What Should the CIO Be Doing in 2014?
Mike McConnell’s article published in the WSJ on Feb. 4th, 2014 was excellent – commenting on What CISOs should take away from Target’s recent loss – which is unknown, but might be measured in Billions of Dollars in losses. Let’s not leave this event without some lessons-learned.
It turns out that Target’s malware problem persisted up to 15 days after the malware was cleaned up…this came out in a hearing yesterday.
One sound bite that came out of this: Malware often sits dormant on a system for up to 200 days before being used maliciously! Another quote from the FBI – it takes an average of 14 months for companies to detect an attack.
What shouls C-Level leadership be being in the area of security? Strategy and business growth are key leadership responsibilities, but as stated in one of my earlier posts, all of these forward thinking things require technology, and if the technology isn’t secure, the customer soon won’t care that you have a new line-busting application, or that you offer some type of Telepresence interaction to help decorate your home.
Proactive Leadership Is Required
Cybercrime, as we’ve just witnessed will be a growing cost to organizations around the world – but expect the U.S. to be particularly hard hit without chip and pin technology in place. And this is just one example of a weakness in security measures.
McConnell states in his article – business leaders must have a proactive response in place, know what to say to their customers the moment it happens, and “Determine the right steps to take to ensure damage to the organization is fully contained.”
He goes on to talk about remediation, stating, “Even the best remediation efforts fall short if the organization operates from an outdated security model.” What is that outdated model – that is one of the key points from my 2007 edition of The House & the Cloud. Somewhat before it’s time, some people thought I was making some outrageous claims in my book, but here in 2014 they don’t seem so bold. The key point is that, Perimeter security always fails eventually, and besides, the data isn’t really sitting in the data center anyway. I wrote this in 2007 as well, but now with BYOD trends, no one can argue differently.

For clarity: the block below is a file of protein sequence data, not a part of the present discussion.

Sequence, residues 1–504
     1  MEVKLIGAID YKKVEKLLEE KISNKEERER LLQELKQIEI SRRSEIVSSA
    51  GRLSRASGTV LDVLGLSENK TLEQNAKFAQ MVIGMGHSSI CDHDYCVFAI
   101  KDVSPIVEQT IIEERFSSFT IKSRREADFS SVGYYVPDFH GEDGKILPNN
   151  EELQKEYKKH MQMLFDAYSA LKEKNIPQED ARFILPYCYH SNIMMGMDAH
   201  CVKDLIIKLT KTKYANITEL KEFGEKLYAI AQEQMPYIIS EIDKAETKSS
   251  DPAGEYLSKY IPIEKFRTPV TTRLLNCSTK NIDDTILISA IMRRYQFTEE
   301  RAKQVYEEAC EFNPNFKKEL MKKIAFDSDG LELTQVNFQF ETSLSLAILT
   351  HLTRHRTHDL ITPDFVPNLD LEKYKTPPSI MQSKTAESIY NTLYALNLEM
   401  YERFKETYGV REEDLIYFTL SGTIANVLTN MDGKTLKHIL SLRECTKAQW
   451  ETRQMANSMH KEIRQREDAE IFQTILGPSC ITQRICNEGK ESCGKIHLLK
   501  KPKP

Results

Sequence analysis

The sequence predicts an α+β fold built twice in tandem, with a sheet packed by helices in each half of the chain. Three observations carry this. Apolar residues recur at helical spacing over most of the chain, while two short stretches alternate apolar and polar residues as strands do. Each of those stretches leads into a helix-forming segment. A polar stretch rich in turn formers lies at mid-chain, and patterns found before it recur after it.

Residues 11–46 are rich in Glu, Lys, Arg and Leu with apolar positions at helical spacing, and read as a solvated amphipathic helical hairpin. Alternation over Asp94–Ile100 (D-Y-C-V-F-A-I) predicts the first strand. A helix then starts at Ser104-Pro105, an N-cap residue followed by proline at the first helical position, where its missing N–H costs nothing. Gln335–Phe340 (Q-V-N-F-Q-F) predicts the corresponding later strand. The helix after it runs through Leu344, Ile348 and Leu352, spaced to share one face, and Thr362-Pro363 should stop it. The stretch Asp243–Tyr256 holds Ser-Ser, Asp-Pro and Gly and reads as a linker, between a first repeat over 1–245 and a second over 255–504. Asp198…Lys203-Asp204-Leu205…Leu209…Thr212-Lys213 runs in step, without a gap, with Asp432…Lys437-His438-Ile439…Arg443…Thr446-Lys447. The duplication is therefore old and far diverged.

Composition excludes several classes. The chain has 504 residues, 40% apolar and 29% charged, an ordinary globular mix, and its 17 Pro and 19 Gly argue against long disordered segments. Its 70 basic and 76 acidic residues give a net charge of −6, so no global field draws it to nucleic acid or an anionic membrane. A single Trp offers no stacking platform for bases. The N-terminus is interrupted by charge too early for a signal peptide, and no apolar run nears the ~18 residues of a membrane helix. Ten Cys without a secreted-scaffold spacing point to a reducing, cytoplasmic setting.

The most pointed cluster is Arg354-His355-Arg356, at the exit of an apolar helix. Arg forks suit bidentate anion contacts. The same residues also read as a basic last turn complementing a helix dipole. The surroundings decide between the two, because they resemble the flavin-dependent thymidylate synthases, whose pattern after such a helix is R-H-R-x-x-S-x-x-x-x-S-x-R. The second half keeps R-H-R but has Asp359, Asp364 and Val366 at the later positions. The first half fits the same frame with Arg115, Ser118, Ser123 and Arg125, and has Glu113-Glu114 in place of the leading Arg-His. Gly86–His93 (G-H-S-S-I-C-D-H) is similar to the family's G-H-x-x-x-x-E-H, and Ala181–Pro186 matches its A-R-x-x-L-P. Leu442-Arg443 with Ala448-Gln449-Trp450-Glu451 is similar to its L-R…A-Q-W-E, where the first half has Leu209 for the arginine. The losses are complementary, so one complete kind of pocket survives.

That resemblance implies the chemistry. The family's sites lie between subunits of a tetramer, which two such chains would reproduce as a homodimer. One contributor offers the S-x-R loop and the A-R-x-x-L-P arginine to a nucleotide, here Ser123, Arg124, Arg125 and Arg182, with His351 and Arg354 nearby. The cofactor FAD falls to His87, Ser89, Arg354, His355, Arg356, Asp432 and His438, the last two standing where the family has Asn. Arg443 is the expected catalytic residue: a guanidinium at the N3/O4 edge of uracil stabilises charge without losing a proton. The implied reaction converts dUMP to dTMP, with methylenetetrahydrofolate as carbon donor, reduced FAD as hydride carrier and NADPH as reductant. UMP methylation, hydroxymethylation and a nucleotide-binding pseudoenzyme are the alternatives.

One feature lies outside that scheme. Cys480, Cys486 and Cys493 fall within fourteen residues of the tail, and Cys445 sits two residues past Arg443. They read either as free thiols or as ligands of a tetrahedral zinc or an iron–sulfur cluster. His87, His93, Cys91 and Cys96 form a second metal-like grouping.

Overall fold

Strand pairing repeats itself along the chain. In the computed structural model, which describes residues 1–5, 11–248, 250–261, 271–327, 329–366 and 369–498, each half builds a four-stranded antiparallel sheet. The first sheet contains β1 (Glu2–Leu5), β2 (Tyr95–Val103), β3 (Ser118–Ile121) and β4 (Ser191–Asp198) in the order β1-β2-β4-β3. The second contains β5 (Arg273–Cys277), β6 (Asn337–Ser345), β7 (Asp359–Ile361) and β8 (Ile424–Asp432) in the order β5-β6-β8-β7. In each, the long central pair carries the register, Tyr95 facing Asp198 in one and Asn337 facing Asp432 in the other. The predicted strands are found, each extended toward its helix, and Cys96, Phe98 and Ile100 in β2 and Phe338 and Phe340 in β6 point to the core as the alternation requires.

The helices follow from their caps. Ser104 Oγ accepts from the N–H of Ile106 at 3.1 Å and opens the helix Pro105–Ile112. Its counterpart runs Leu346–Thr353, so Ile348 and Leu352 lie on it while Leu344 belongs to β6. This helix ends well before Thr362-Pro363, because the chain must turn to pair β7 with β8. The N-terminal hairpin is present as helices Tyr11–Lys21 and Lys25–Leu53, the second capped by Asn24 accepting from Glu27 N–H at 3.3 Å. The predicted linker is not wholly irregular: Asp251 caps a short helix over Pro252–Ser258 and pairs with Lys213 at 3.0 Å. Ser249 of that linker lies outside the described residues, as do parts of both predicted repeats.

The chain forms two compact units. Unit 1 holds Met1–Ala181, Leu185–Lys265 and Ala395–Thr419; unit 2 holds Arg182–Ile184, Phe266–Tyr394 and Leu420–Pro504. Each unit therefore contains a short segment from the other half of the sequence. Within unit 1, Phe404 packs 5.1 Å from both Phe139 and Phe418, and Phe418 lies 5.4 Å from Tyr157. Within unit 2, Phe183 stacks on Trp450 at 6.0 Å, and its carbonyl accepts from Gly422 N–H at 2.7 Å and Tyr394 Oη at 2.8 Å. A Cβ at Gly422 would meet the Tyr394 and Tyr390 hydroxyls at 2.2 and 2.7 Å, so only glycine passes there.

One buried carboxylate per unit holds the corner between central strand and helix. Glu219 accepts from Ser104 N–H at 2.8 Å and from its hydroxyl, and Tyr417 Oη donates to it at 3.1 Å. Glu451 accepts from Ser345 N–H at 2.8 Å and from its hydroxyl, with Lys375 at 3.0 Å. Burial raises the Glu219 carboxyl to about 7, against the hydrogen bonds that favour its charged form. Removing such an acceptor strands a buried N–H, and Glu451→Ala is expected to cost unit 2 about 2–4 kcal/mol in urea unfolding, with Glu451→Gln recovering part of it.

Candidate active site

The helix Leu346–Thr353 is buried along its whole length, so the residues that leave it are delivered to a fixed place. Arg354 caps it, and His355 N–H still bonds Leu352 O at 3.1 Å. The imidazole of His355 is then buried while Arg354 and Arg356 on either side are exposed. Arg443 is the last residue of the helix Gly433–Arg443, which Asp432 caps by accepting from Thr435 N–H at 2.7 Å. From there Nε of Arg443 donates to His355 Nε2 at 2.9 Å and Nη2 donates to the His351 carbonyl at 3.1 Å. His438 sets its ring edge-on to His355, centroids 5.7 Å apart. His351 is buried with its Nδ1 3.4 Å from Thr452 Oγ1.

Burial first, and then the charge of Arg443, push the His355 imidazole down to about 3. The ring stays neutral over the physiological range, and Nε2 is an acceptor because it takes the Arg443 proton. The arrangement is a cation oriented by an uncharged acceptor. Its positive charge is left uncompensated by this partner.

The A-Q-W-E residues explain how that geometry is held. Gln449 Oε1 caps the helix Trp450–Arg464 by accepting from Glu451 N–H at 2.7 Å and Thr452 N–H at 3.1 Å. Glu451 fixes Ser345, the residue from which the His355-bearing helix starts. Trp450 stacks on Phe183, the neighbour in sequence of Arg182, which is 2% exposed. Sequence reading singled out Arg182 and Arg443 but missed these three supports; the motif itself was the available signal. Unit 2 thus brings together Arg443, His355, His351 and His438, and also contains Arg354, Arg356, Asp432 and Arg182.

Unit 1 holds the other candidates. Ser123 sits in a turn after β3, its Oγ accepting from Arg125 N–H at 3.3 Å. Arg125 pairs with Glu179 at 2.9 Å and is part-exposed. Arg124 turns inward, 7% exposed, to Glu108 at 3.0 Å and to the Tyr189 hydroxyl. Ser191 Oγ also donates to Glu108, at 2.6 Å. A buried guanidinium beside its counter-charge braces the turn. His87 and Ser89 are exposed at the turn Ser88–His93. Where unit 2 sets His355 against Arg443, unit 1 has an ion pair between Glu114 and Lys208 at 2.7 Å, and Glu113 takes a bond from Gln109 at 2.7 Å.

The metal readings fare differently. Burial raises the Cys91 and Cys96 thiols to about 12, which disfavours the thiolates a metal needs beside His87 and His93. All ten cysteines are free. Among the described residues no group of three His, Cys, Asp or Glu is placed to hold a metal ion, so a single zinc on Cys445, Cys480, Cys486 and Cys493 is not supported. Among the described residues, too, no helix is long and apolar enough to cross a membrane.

McConnell recommends companies move quickly to a “Predictive edge to sense and preempt coming attacks.” This fits well with the detection strategy I’ve recommended in my book. I go on in The House & the Cloud to discuss what the response plan must look like. McConnell agrees with these insights, stating that this is more of a “Tradecraft” than a degree or education. We need people with experience.
His article calls on CISOs to “Accept and understand that remediation-centric cyber defense is not enough…Organizations need to change their entire security model from one of compliance (meeting basic standards for data protection) to a holistic multifaceted program…” This is what my book calls, The Coverage Model.
Many of these steps are being taken in the largest banks and energy companies. But what about the mid-market and SMB companies. While plenty of innovation is taking place in smaller companies – meaning there are large high-valued repositories of data in these companies, they can’t really afford the kind of technology McConnell is promoting – nor can they staff the people with the tradecraft he recommends.
This is clearly an opportunity for the solution provider…consider Virtual CISO services, detection oriented managed services, and a well trained response team that works with companies not only after the fact, but prior to an incident to establish a proactive plan.
© 2014, David Stelzl